We had a wonderful Mentoring Mothers Meeting last week where we discussed the Mentoring principles of Empathizing and Responding to those we teach (particularly our chidren!). Here are some brief notes on what was discussed:

What helps you to be more empathetic?


recognize our natural gifts at empathizing and using them

pray to be humble

don't multi-task

be more aware of the subtle & simple

put aside selfishness (what I want to do right now vs. they need me)

One mother expressed our own need to be recharged by them. So, if your child wants to do something with them or needs to be listened to, let the answer be yes (right then or set a different specific time to meet together). This will revive you, too. :-)

What is the first thing to go when life gets a bit chaotic?


Time for me

Health (sleeping and eating habits)

This reminded us that though the world teaches a false sense of needing "me time" we still do need to remember to give ourselves permission to meet our own needs an dhave empathy for ourselves as well. The "You, not Them" principle of TJEd teaches us that we are important and sets the environment in our homes. Again, not in the selfish way of only devoting time to ourselves, but in an orderly way that allows us to then meet the needs of our children.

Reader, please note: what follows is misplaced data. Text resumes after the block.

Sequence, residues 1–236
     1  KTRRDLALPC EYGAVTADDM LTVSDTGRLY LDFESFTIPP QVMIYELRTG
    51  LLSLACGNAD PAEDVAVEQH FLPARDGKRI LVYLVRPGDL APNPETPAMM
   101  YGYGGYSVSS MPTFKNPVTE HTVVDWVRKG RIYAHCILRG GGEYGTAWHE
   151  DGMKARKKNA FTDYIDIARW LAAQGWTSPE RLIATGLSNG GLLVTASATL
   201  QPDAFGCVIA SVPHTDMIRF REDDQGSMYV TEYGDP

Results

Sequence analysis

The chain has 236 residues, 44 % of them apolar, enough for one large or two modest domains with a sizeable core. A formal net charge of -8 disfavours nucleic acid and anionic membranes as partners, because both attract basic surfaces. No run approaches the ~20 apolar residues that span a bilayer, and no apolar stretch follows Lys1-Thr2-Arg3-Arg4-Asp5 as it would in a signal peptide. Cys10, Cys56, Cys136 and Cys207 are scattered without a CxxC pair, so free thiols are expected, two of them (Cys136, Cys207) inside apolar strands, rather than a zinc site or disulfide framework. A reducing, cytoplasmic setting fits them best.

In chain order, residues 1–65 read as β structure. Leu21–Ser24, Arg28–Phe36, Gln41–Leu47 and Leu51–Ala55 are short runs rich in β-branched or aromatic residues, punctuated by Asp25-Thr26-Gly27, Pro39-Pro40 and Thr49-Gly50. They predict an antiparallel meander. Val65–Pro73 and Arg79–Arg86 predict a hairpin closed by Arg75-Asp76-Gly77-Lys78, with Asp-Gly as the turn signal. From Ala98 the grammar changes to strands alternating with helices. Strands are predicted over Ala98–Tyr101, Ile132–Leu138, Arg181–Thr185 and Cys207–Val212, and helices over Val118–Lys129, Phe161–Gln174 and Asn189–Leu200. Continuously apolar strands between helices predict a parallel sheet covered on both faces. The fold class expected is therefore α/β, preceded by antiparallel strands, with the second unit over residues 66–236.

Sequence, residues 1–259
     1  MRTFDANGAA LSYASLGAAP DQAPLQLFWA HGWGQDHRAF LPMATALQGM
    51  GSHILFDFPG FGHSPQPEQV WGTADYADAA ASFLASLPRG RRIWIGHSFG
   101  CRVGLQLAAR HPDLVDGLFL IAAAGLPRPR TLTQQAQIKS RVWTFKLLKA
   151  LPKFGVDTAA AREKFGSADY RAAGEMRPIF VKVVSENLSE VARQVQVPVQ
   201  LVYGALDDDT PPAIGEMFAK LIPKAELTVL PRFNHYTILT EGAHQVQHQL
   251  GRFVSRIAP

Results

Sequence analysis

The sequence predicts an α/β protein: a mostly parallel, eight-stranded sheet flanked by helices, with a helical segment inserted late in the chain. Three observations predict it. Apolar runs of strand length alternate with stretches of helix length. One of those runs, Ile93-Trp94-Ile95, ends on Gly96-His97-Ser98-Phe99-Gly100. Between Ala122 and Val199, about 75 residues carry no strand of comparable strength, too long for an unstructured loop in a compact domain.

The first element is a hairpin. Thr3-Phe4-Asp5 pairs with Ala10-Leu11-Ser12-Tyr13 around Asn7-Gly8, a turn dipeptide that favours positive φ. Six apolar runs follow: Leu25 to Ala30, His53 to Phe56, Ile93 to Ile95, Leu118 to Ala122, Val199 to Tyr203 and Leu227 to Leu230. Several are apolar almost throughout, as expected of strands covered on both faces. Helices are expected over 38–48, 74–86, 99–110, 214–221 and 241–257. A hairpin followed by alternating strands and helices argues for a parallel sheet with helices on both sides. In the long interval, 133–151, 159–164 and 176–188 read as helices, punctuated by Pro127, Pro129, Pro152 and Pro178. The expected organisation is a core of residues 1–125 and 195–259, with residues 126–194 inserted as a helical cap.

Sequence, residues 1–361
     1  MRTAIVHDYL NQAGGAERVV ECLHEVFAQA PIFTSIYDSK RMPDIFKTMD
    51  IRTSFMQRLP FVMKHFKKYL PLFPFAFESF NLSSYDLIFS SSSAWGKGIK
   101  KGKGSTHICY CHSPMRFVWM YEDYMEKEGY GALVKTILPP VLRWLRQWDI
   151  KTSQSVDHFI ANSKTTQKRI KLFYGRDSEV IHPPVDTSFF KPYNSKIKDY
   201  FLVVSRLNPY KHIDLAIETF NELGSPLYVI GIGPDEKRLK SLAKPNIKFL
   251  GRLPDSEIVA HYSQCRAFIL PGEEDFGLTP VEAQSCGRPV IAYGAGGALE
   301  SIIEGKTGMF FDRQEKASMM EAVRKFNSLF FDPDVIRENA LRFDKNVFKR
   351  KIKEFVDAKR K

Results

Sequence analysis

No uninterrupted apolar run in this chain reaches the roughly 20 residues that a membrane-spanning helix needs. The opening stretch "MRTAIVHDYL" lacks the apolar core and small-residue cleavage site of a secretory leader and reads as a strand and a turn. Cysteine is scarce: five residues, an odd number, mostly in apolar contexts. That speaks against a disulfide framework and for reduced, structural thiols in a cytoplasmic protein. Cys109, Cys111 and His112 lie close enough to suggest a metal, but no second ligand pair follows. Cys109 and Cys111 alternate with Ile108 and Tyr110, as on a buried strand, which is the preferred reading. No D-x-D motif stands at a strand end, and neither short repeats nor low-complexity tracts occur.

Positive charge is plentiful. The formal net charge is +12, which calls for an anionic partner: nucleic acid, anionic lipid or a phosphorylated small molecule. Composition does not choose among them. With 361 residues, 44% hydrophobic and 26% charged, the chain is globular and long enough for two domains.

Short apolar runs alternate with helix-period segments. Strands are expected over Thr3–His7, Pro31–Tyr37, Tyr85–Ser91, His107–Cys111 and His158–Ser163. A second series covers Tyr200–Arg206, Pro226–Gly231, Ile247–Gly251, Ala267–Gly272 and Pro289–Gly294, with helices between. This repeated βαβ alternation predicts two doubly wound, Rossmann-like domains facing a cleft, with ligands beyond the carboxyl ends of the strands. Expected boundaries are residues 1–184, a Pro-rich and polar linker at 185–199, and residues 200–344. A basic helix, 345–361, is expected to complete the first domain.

How do we learn to listen better?

though we need to be reasonable, sometimes we need to simply force ourselves to stop and listen

slow down

have an orderly environment (keep some empty space in your home, you can't have order in physical space if you don't have order in your relationships & finances, etc.)

mentally being present

eye contact makes all the difference!

We also took a tangent to talk about raising self-reliant children and remembering that we need to train them and not just expect things from them. Leading our children to scriptures and prayer by doing so when helping them solve their own problems. Another good way in responding to them is by asking questions such as "What are you going to do about it?" and "What do you need from me?" This will help them to trust you, the relationship and give them confidence that they can work through the problem.

Kunich & Lester stated 4 ways in which we can positively respond:

1. Mentors must truly listen

2. An effective mentor must

3. A mentor should be available much of the time

4. A responsive mentor does not merely react to a protege, but is proactive...[and] anticipate needs, problems and concerns.

Books Mentioned

The Duggars: 20 and Counting!: Raising One of America's Largest Families--How they Do It by the Duggars

7 Habits of Highly Effective People (especially chapter 5) - Stephen R. Covey

I Don't Have to Make Everything All Better - Joy & Gary Lundberg


Home Sweet Home

I just spent a fabulous 2 1/2 weeks away from home...one trip to North Carolina (just me and my sisters) and then a week and a half in Utah to visit my family there...including my 95 year old grandmother. So fun! We did some hiking at Zion's National Park, some visiting and LOTS of driving.

We got home just in time for the kids to throw on their Halloween costumes, do some door knocking for candy and then home again to watch our scary movie of the year, Alfred Hitchcock's The Birds. Didn't scare the kids a bit (but they did all want to sleep upstairs, go figure). :-)

As you can imagine the last two weeks have been all about getting life put back together and getting the kids (and myself) back into a "normal" (???) routine! :-)
Related Posts Plugin for WordPress, Blogger...